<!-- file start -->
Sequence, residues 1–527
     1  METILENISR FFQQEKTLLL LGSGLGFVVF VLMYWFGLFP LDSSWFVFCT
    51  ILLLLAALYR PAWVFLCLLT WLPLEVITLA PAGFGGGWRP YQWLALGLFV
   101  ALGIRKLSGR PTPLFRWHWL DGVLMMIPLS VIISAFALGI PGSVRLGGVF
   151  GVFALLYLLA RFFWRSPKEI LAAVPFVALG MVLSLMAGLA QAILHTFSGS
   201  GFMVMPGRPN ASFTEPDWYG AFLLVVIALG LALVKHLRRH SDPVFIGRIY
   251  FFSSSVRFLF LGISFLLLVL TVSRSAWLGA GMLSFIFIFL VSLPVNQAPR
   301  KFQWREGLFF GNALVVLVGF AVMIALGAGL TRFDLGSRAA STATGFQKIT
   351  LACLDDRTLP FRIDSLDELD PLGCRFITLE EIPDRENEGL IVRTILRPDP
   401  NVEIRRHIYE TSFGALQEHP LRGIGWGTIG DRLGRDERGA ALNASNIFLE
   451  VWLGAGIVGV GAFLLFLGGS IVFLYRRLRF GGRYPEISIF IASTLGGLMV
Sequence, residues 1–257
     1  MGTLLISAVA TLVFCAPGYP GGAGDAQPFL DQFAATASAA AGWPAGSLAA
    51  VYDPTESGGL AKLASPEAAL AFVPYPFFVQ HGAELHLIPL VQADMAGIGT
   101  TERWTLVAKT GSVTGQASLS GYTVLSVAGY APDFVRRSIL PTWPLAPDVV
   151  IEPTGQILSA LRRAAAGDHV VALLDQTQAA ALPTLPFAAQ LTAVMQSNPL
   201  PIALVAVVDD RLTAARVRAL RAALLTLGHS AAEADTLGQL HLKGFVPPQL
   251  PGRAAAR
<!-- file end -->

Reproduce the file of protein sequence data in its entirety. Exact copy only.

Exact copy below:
Sequence, residues 1–527
     1  METILENISR FFQQEKTLLL LGSGLGFVVF VLMYWFGLFP LDSSWFVFCT
    51  ILLLLAALYR PAWVFLCLLT WLPLEVITLA PAGFGGGWRP YQWLALGLFV
   101  ALGIRKLSGR PTPLFRWHWL DGVLMMIPLS VIISAFALGI PGSVRLGGVF
   151  GVFALLYLLA RFFWRSPKEI LAAVPFVALG MVLSLMAGLA QAILHTFSGS
   201  GFMVMPGRPN ASFTEPDWYG AFLLVVIALG LALVKHLRRH SDPVFIGRIY
   251  FFSSSVRFLF LGISFLLLVL TVSRSAWLGA GMLSFIFIFL VSLPVNQAPR
   301  KFQWREGLFF GNALVVLVGF AVMIALGAGL TRFDLGSRAA STATGFQKIT
   351  LACLDDRTLP FRIDSLDELD PLGCRFITLE EIPDRENEGL IVRTILRPDP
   401  NVEIRRHIYE TSFGALQEHP LRGIGWGTIG DRLGRDERGA ALNASNIFLE
   451  VWLGAGIVGV GAFLLFLGGS IVFLYRRLRF GGRYPEISIF IASTLGGLMV
Sequence, residues 1–257
     1  MGTLLISAVA TLVFCAPGYP GGAGDAQPFL DQFAATASAA AGWPAGSLAA
    51  VYDPTESGGL AKLASPEAAL AFVPYPFFVQ HGAELHLIPL VQADMAGIGT
   101  TERWTLVAKT GSVTGQASLS GYTVLSVAGY APDFVRRSIL PTWPLAPDVV
   151  IEPTGQILSA LRRAAAGDHV VALLDQTQAA ALPTLPFAAQ LTAVMQSNPL
   201  PIALVAVVDD RLTAARVRAL RAALLTLGHS AAEADTLGQL HLKGFVPPQL
   251  PGRAAAR